Editorial: Extend stockpiling instinct to include others
The forecast calls for another blizzard. What do you do? Head to the grocery store, load up your cart, restock your cupboard and then relax ... content in knowing you can weather the storm. You won't go hungry no matter how long or hard the snow falls.
Why do we do this? We know the grocery store is close by. We know the roads will be plowed soon.
To paraphrase psychologist Lisa Brateman quoted in the November 2012 article "The Psychology of Stockpiling," this behavior gives us a sense of control in an uncontrollable situation.
It's a normal, documented phenomenon. Sometimes people purchase more milk, bread and eggs than they can use.
Now consider that 1 in 9 people has no way to stock that cupboard, even in the best of weather. About 7.75 percent of households with children lack the resources (money, SNAP, etc.) to buy enough food to feed all living under their roof. This is according to the U.S. Department of Agriculture, which tracks food insecurity data.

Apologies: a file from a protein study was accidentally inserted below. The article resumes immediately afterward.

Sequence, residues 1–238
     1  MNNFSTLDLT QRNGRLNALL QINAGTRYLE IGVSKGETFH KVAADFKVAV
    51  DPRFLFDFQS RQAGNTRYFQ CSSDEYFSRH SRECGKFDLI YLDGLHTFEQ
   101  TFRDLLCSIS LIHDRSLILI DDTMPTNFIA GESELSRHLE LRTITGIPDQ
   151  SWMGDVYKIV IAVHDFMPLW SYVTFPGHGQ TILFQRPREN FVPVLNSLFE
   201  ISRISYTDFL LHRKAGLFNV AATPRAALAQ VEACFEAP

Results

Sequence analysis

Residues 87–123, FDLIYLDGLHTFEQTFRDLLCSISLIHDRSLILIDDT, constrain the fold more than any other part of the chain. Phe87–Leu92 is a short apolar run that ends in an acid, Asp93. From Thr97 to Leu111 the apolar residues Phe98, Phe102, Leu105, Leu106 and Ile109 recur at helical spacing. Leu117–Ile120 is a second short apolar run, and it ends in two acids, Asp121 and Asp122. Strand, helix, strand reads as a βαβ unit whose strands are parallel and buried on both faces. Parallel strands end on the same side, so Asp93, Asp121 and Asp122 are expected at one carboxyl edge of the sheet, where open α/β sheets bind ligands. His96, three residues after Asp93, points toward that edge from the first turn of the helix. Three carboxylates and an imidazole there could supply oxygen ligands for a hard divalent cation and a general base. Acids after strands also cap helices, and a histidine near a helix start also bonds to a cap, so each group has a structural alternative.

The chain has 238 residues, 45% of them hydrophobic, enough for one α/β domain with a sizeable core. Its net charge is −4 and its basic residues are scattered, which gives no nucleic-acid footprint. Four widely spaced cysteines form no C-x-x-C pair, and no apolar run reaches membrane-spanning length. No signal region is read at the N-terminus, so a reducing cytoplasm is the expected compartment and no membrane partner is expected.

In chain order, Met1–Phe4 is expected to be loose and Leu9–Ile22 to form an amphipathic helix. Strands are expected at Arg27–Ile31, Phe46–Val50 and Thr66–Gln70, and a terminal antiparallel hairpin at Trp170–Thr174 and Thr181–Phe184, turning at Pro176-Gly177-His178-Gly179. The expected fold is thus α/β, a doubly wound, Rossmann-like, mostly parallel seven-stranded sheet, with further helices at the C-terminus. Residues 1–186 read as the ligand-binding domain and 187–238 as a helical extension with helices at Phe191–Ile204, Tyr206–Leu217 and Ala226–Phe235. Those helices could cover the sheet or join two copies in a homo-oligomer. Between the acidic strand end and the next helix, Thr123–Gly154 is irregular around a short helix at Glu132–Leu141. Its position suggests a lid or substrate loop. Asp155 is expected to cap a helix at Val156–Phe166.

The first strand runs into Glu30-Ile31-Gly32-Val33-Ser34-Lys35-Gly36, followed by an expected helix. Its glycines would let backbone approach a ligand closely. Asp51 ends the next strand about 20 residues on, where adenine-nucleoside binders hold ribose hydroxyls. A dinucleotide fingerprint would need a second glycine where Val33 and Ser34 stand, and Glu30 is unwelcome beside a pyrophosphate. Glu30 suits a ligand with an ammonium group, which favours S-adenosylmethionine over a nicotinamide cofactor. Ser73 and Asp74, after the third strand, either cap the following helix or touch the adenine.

While this winter has been stressful for many in the Midwest, these families in particular face a hard time. There have been nine no-school days (so far) when these children couldn't count on free or reduced-cost breakfasts and lunches. That is 18 meals of going without or living with less. Meanwhile, the more well-to-do fill their refrigerators with plenty out of compulsion rather than necessity, understandable as that is.
The local food shelf is a true lifeline for many people, but especially this year. Here are some items you could pick up and drop off at the food shelf next time you make store run (pending blizzard or not):
• Fruits and vegetables
• Pasta and spaghetti sauce
• Cereals, hot and cold
• Peanut butter
• Boxed meals
• Canned meats and fish
• Oh yes, and those milk, bread and eggs or least money for the food shelf to buy them
Help our neighbors weather the storm we call life. Help stock the local food shelf this month.